I just made this entry in my blog and thought I'd share it here:
Met Matt at Flatwoods for an early ride today. He had to hurry to hit his bootcamp class before he went to work. Have I mentioned he's nuts? Anyway, he doesn't have a road bike. He put fat slicks on what was his first mountain bike that's he's since replaced with a full suspension sweet ride but he's now using it for a commuter bike. Anyway, as strong as he is, he can't push that bike too fast for too long, so we had a nice paced ride but didn't push ourselves.
We're tooling along on the backstretch and we both hear a rather loud whistle coming out of the woods. We look off to our right and don't see anything, so we continue chatting. We hear another, then another. I thought it odd, cause I'd assumed it was runners in the woods trying to collect their group, but why was it keeping up with us? I finally heard a group of riders behind us. I veered off as close to the edge to the right as I could, and Matt went to the left. There was a wide area for them to slip through. A mouthy woman was giving instructions, telling Matt that the proper thing to do was to go off to the right. There were five of them I think, and they whisked on by.
I got pretty pissed. I've been riding at Flatwoods for, what, five years now? Longer? I've never been whistled at to pass. A hearty and loud "ON YOUR LEFT!" is sufficient to get my attention. I mean, I'm not your * dog. I've run into some pretty rude toadies, uh, I mean roadies in my time, but this really takes the cake.
They lapped us again, it's inevitable when we're tooling along at 15 mph and they're doing 20 something. I hear the whistle again. Matt makes a grand gesture and tells them to pass in French. The head guy pulls beside me and I sort of wobble. The mouthy woman demands, icily, "What are you doing?" as I stray from the right side of the path to the middle, I tell the guy, with what I hope is good humor:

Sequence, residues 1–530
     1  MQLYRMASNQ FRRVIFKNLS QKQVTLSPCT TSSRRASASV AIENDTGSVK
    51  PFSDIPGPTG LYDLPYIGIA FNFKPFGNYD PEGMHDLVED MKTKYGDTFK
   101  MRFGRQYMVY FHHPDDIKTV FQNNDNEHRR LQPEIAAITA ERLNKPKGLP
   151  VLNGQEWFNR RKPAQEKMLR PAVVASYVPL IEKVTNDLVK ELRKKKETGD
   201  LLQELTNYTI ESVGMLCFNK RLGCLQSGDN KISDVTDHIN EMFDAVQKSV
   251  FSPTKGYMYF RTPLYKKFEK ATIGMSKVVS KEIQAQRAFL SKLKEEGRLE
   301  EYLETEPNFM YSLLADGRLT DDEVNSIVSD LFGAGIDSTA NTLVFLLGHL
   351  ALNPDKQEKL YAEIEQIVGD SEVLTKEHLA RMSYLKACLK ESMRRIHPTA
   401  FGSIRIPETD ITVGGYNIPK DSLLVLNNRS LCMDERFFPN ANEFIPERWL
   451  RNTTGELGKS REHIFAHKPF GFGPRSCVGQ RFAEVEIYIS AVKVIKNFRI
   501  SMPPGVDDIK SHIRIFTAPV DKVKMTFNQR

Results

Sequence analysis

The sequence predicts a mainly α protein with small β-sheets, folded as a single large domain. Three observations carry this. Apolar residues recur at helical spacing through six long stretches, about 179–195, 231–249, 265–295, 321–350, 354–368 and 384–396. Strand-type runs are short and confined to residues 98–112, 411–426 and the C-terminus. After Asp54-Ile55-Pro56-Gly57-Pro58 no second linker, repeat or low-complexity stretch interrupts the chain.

"I'm not your dog, you don't have to whistle. An 'on your left' would be fine."
He said, "I did say it, you didn't hear me."
The lady at the end of their group, now down to four, smiled at me as she passed. Don't know if it was in derision of me or sympathy with my point of view. And off they went. I was still kinda cranky about it, but glad I addressed it without using the 'f' word, or escalating it into a confrontation, which was an accomplishment. Because really, in my heart of hearts, throwing tacks in their path crossed my mind.
Matt and I passed a group of three that had been in the parking lot the same time I was getting ready. I asked them, "Did you get whistled at, too?"
One of the women answered, "Yes, and it's 'cause we're sooooo hot!"
Matt and I cracked up. I thanked her for her perspective. What a way to put a positive spin on the situation. Instead of getting pissed, like I did, this delightful woman found a way to see the humor in it.